How Long Does a Credit Dispute Actually Take?

If you find inaccurate or unverified information on one of your credit reports, you can dispute that information. And, under the Fair Credit Reporting Act (FCRA), bureaus generally have 30 days to investigate the dispute and remove any items proven to be inaccurate. (More on that later.) But how long does it take from start to finish? Well, that depends on each of the steps along the way. 

1. Review Your Credit Reports

Before you get started, you need to make sure you have the most recent versions of your credit reports in front of you. You can get a free copy of your credit reports from the three main credit bureaus — Experian, Equifax and TransUnion — by visiting Once you have them, go over each of them, as they may all have different information, and note any problems you plan to dispute. 

2. Formulate & Submit Your Dispute

You must specify the exact reason you are disputing an item on your credit report. Possible reasons could be that the item is not yours, is falsely reported as late, the account balance is wrong, the dates are wrong, or it should have aged off your report. Be as detailed as possible. It’s important to include any evidence about your dispute, as this can help your case. It’s a good idea to send copies of the documentation and keep the originals for yourself.

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    In addition to documentation, you’ll need to write a letter explaining each item you’re disputing. (You can find sample letters and advice for writing the letter here.) If you submit your dispute online, you won’t have to wait for the time it takes an item to go through the traditional mail. However, if you submit your dispute via snail mail, you’ll have the advantage of sending the letter certified mail, with a return receipt requested. This way, you can track when the letter was received.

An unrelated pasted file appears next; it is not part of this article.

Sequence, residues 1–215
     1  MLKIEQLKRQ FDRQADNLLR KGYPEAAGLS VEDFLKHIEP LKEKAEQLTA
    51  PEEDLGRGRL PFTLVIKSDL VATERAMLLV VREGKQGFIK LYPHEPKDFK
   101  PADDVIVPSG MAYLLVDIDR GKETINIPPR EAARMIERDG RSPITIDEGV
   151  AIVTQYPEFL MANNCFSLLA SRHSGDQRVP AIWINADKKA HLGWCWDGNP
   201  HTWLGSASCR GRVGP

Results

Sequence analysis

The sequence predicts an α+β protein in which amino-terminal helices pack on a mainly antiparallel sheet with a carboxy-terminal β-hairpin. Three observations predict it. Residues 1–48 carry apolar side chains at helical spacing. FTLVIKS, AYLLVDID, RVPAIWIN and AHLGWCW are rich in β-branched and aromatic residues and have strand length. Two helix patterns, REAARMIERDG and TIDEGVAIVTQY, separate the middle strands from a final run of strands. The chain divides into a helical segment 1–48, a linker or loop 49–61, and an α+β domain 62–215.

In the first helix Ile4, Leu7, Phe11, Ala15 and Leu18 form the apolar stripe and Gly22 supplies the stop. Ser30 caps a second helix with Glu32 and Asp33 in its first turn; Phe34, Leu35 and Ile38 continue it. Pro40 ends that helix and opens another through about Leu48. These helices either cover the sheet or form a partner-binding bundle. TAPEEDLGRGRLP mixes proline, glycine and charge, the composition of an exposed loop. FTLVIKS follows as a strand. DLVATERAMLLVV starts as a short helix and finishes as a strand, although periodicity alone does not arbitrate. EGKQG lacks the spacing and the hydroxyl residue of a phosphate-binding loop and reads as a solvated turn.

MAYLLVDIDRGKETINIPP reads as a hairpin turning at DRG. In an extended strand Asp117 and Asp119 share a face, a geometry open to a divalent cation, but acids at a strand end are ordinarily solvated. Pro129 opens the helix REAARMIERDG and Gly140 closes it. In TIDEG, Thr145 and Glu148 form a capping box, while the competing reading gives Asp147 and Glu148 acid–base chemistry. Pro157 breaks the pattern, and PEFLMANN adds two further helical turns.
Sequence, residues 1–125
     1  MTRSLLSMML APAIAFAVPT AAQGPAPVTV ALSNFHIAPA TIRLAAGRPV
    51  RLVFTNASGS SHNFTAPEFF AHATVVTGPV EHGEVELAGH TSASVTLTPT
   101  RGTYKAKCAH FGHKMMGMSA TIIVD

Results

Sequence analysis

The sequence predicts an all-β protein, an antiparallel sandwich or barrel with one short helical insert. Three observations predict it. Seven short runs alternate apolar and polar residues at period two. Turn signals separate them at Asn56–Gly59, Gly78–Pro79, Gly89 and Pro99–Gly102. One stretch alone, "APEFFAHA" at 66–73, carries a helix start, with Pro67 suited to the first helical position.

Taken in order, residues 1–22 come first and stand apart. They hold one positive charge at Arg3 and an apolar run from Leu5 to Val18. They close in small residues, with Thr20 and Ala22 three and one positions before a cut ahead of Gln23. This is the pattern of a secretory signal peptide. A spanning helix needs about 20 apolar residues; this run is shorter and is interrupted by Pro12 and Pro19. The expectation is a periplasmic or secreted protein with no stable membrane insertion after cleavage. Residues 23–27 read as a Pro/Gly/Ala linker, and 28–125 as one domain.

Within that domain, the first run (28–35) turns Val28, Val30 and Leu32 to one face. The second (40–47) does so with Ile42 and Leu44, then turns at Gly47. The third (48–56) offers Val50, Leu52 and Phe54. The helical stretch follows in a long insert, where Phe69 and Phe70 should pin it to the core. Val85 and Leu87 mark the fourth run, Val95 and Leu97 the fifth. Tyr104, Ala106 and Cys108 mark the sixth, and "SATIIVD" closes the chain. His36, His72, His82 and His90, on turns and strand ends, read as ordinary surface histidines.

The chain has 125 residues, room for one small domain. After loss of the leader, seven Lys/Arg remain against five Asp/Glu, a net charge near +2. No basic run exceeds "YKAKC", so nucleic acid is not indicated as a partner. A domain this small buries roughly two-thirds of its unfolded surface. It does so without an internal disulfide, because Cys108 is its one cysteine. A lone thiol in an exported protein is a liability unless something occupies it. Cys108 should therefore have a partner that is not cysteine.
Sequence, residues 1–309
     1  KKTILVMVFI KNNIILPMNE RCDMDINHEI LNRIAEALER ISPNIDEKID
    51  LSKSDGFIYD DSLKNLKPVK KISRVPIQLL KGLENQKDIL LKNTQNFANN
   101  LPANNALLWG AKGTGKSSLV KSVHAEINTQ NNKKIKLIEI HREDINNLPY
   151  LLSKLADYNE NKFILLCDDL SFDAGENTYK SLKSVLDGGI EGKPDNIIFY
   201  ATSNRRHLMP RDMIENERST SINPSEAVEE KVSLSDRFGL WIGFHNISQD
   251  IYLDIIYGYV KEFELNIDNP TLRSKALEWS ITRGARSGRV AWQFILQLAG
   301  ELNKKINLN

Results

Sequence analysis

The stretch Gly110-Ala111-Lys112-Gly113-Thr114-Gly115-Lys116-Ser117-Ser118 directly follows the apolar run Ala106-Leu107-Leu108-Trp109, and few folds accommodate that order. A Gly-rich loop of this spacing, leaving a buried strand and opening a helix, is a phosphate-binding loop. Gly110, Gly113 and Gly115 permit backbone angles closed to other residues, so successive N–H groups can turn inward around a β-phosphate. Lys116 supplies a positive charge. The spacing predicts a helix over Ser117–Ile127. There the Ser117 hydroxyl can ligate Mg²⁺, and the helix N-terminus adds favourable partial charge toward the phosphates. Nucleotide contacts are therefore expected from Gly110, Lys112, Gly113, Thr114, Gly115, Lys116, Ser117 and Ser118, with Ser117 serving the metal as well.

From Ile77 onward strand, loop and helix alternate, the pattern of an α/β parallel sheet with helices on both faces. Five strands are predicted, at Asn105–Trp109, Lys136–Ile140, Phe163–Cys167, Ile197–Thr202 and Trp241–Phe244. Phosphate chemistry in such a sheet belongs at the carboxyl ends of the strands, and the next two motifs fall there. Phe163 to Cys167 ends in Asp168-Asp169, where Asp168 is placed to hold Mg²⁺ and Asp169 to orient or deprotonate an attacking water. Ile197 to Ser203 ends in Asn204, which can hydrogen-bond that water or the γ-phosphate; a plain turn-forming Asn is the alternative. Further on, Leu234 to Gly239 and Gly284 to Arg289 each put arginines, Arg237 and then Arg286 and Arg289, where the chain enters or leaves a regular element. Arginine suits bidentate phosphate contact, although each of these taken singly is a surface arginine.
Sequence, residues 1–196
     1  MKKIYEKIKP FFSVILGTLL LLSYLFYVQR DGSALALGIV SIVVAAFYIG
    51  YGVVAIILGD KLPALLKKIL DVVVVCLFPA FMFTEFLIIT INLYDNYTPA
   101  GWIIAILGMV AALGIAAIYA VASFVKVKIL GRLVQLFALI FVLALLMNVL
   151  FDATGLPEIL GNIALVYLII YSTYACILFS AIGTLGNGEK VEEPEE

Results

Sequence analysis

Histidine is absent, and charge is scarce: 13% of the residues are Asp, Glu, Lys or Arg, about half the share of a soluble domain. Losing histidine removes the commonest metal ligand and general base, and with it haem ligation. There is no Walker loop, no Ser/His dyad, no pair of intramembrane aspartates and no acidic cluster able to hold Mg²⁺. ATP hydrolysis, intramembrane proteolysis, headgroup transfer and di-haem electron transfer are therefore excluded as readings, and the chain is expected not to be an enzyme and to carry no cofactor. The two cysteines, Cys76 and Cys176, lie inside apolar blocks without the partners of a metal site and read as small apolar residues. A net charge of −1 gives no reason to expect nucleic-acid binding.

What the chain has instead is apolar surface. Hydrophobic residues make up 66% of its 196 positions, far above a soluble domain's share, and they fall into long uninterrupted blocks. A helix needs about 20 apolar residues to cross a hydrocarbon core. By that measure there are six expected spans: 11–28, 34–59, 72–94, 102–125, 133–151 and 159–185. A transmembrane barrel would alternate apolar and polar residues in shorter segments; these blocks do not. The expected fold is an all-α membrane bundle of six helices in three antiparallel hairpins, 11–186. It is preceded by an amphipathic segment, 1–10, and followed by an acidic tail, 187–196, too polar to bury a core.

3. Wait for Credit Bureaus to Conduct Their Investigation

    As mentioned earlier, credit bureaus have 30 days to conduct their investigation. (There are a few exceptions when this time frame may extend to 45 days, but 30 is the most typical.) This doesn’t mean it will take the full 30 days before you receive a response, but this is the maximum time frame. This is a time when having written proof in the form of a receipt noting when the credit bureaus received your dispute may be helpful, so you know when the 30 days begins. You should receive notice informing you of the results from the credit bureaus within five business days after the investigation is completed.

    4. Review Your Results

    Once you receive notice of the results of your investigation, it’s time to do some analysis. If your dispute was successful, you can monitor your credit to see how this update affected your scores. (You can view two of your credit scores for free, updated every 14 days, on If your dispute was denied, you will be notified of this as well.

    If your dispute was successful, your journey ends here. If not, read on.


    5. Resubmit Your Dispute

    If your dispute is unsuccessful, but you feel it still has merit, you may wish to try disputing it again. You can do this on your own for free. Or, if your dispute is complex and you’re not getting anywhere, you can also consider hiring someone, like a consumer attorney, credit counselor or reputable credit repair firm. If you opt for outside help, it’s important to vet companies carefully. For instance, the Federal Trade Commission prohibits credit repair companies from charging an upfront fee. If you see firms doing this, or promising overnight credit repair, it’s likely a scam you should avoid.

    Once you file your re-dispute, the credit bureaus have another 30 days to do an investigation on the new information.

    As you can see, there is no direct answer as to how long a credit dispute takes, as it varies on a case-by-case basis. Credit disputes can take a few weeks or months, depending on how the process goes for you.

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